Ocean Scientists Discuss Areas That Lack Climate Change Data

Written by on January 22, 2014 in Other News

Daily Summary

Dolphins Steal The Show In US Surf Contest
Have you seen these pictures and videos yet? A pod of dolphins joined more than 200 surfers California’s Rincon Classic competition over the weekend. The dolphins seemed to enjoy riding the waves as much as the surfers did. Watch the video clip for more!

Surfing dolphins.

Surfing dolphins. Photo credit: Bryce Bradford via photopin cc.

Scientists seek to improve climate change data from developing countries
Scientists from 21 countries and 39 different institutes have gathered in Hobart for the annual meeting of the Partnership for Observation of the Global Oceans (POGO). At the meeting, the world’s leading ocean researchers have expressed concern about a lack of climate change data, including ocean temperatures, from developing countries. Some also worry about a lack of consistency in research methodologies and data collection around the world, which makes observations very difficult to compare. The conference, which will address these issues, runs until Friday.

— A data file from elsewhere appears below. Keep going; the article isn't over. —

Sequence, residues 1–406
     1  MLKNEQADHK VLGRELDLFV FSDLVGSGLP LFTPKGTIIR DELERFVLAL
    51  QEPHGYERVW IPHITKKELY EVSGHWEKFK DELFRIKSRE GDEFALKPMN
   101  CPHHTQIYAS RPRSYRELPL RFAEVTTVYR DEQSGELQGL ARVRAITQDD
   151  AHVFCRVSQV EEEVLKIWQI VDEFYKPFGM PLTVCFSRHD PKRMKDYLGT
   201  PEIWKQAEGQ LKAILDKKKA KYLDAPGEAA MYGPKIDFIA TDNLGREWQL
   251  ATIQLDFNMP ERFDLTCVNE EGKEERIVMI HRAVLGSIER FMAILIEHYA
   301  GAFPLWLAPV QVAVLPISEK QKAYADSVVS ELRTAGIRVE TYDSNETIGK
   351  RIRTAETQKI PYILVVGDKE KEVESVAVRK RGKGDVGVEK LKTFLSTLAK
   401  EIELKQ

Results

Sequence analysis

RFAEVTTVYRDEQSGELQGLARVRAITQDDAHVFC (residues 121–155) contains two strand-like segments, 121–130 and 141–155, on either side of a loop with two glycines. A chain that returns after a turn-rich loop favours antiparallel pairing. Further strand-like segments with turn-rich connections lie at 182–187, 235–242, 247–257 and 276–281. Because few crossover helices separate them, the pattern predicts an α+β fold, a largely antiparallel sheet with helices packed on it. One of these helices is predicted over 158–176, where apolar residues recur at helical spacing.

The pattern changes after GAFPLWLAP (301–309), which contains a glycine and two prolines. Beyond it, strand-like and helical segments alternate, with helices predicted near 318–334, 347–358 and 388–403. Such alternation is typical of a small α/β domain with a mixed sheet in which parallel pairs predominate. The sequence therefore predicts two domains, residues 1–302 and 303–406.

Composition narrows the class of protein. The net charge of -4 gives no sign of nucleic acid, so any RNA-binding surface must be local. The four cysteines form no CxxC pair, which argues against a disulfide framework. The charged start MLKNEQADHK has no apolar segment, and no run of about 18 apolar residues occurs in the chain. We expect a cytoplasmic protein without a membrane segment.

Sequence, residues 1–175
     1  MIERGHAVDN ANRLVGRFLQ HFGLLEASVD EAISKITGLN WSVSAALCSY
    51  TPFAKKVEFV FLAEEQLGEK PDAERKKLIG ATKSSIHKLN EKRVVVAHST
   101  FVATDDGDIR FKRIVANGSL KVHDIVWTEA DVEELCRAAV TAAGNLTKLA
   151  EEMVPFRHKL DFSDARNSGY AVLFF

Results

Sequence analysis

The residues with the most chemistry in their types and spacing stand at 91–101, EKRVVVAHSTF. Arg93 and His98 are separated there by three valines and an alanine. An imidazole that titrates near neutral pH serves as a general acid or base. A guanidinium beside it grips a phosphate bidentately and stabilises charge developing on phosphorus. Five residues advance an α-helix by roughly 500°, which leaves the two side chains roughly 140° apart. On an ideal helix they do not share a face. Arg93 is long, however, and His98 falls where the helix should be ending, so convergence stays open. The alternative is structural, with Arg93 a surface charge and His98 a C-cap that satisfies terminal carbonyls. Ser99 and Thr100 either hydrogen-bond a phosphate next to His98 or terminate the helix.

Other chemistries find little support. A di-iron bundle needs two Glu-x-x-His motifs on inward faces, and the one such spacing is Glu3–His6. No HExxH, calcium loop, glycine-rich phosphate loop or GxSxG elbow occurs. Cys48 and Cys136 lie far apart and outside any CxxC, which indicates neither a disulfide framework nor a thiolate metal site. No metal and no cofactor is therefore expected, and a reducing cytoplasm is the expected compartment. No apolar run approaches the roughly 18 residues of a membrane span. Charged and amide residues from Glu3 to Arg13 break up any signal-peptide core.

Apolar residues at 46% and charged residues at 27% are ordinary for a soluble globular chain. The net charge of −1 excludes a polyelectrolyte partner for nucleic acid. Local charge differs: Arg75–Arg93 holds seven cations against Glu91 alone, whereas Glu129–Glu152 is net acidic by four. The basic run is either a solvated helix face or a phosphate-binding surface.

Albino dolphin in Hawaii.

Albino dolphin in Hawaii. Photo credit: Susan Renee via photopin cc.

White Alright?
The annual dolphin drive in Taiji, Japan received extra attention a few days ago when a young white bottlenose dolphin was brought to the Cove. Is this dolphin a true albino and how does it happen? According to WDC, albinisms is characterized by the complete or partial absence of pigmentation (melanin) in the skin, hair and eyes. It has been documented in over 20 cetacean species, including humpback whales and orcas. Depending on the degree of albinism, animals can have white or pale skin and hair, pink or red eyes, and sometimes impaired vision and hearing. Read the post to find out if albinos are as healthy as their fully-pigmented relatives.

Copyright © 2014 by Marine Science Today, a publication of Marine Science Today LLC.

About the Author

About the Author: Emily Tripp is the Publisher and Editor of MarineScienceToday.com. She holds marine science and biology degrees from the University of Miami's Rosenstiel School of Marine and Atmospheric Science and a Master of Advanced Studies degree in Marine Biodiversity and Conservation from Scripps Institution of Oceanography. When she's not writing about marine science, she's probably running around outside or playing with her dog. .


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